But we should not overlook Luke’s observation that they really did not like the apostles teaching the people.

Saturday, November 17, 2018

How Not to Crash and Burn (33)

Antisocial behavior, innuendo, laziness and false confidence: there’s a lovely quartet for you.

Misty water-colored memories. Four more ancient proverbs, each of which reminds me of somebody I know or knew, usually more than one. Sometimes they remind me of me. Times change, people don’t. Not really.

Thankfully we have the word of God to guide us, because not too many of us seem to learn much from history.

And they don’t really teach history anymore anyway.

Friday, November 16, 2018

Too Hot to Handle: Feeding the Gators

In which our regular writers toss around subjects a little more volatile than usual.

Tom: Let’s do something a little different today, Immanuel Can. I was thinking about the social implications of that clip you sent me this morning from the action-adventure video game Red Dead Redemption 2. It seems like that might be worth talking about from a Christian perspective.

Do you want to take a crack at describing it?

Immanuel Can: It’s hard to imagine if a person has not seen modern video games. (Of course, for those who have children, avoiding video games is all-but-impossible nowadays.) A lot are now story-based, but a lot are also what’s called “first-person-shooters”, designed to let players kill a lot of characters as they move through a maze or follow some kind of prepared story line.

Thursday, November 15, 2018

The End of Evangelism

There is general fear being widely expressed among evangelicals today that we are not reaching people the way we used to. Certainly the numbers of people in the modern West who are becoming Christians seems to be slumping, and a lot of us are a bit nervous about the trend.

Is the Age of Evangelism Ending?

According to Bible.org, one problem is that the professional clergy people and leaders are not stepping up, and that church ministries and programs are not going out to reach people. Meanwhile, The Evangelism Institute has found that while 85% of evangelical churches have a pro-evangelism statement in their constitution, less than 5% of the people are actually involved in doing something with it.

Wednesday, November 14, 2018

Doctrine Worked Out

Truth has implications.

Jesus Christ was manifested in the flesh, giving us a visible, tangible template for what godliness looks like in action, and an example to follow. He was vindicated by the Spirit, demonstrating that resurrection power is available to transform human lives. He was seen by messengers, meaning we can believe what we hear and take it to heart because it has been repeatedly substantiated. He was proclaimed among the nations, meaning that he does not play favorites with men, and neither should we. He was believed on in the world, meaning God’s plan for this planet does not merely involve taking people out of it, but transforming it. And he was taken up in glory, meaning that we can look forward to an eternity in which we will share that glory with him.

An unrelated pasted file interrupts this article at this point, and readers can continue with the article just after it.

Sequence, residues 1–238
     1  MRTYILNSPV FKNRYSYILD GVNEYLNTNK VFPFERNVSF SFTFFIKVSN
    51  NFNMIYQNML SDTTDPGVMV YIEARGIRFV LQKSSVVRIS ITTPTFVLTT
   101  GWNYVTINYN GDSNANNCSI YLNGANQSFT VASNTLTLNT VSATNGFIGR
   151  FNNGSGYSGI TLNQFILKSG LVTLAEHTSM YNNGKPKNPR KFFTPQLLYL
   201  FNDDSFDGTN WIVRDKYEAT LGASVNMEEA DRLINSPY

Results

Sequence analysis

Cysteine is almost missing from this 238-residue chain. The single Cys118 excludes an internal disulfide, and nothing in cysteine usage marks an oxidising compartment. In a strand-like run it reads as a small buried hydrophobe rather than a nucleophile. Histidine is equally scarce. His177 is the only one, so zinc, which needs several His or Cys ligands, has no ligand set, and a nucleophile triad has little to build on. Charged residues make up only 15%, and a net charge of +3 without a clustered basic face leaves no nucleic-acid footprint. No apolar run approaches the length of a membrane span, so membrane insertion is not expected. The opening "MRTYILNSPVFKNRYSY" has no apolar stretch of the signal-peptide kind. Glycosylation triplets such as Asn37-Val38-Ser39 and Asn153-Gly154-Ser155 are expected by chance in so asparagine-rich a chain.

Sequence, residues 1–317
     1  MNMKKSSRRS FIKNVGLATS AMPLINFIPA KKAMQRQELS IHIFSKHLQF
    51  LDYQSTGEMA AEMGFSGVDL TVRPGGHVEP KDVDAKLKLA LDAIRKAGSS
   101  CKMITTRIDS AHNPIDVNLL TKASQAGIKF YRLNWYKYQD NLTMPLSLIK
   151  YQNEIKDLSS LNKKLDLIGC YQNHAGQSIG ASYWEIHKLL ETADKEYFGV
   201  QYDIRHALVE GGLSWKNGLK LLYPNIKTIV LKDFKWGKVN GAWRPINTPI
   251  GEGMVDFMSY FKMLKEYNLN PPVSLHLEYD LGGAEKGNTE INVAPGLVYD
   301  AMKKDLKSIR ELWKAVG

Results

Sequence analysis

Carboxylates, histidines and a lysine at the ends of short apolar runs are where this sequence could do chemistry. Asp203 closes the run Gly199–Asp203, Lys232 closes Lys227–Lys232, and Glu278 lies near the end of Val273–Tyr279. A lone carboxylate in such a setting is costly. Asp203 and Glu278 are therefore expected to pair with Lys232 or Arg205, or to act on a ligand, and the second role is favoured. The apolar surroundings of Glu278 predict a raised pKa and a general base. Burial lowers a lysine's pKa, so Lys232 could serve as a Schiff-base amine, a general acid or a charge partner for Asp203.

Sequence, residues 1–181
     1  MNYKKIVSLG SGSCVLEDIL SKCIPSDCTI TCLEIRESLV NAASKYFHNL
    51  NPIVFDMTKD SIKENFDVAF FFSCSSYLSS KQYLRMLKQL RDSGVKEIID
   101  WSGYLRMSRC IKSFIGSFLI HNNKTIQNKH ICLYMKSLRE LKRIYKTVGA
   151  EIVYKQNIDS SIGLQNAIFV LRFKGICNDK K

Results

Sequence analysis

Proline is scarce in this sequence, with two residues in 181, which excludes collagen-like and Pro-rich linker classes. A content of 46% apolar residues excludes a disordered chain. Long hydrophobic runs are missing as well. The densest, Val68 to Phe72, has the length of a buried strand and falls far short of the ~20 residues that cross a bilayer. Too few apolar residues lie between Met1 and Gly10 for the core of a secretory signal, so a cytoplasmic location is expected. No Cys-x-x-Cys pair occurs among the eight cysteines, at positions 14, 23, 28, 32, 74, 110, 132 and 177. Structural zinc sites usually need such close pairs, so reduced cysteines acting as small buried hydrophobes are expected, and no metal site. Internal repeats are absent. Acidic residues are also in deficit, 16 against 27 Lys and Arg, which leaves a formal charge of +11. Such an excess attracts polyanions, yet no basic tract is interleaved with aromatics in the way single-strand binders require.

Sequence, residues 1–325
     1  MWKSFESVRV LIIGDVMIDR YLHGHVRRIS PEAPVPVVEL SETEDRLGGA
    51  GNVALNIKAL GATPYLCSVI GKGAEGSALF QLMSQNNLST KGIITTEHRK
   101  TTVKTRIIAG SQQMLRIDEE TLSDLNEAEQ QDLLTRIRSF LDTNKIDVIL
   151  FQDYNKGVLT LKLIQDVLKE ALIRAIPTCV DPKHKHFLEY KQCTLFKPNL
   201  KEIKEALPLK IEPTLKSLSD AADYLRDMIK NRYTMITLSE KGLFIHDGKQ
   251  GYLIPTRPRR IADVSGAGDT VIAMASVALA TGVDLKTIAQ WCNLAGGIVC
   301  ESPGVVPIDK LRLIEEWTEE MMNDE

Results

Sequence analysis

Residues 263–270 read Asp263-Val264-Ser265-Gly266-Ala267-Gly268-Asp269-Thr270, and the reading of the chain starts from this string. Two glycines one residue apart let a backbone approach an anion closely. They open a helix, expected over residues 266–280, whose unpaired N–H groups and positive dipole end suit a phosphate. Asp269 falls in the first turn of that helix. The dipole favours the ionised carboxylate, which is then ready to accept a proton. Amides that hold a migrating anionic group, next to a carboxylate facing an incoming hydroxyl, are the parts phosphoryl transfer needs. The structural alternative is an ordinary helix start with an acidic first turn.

No theological point is without practical consequences.

Tuesday, November 13, 2018

Drawn Away

“But refuse to enroll younger widows, for when their passions draw them away from Christ, they desire to marry and so incur condemnation for having abandoned their former faith.”

It’s not just young widows who need to worry about being drawn away from Christ by worldly passions, and it’s not just women more generally. The symptoms and objects of earthly desire vary from person to person, but the unshakable conviction that the grass on the other side of the fence is somehow greener than the grass on my side is a lie of the devil we must all contend with.

Here, the specific passion in view is not anything evil. In and of itself, the impulse to marry is not abnormal or unhealthy. Everybody wants to know and be known, to feel secure, to have someone to care for and to care for them.

Monday, November 12, 2018

Anonymous Asks (13)

“If the stars are so far away and it would take millions of light years for them to be seen from earth, why do we see stars?”

Ah yes, the perplexing problem that the appearance of age raises for creationists.

The standard difficulty is not about whether it would have been possible for God to cause starlight to provoke its usual reaction from Adam’s retinas in a nanosecond rather than taking light years to travel to earth from the moment the stars were created. Obviously someone powerful enough to speak the universe into being could make both light and human nerve endings dance to any tune he pleased.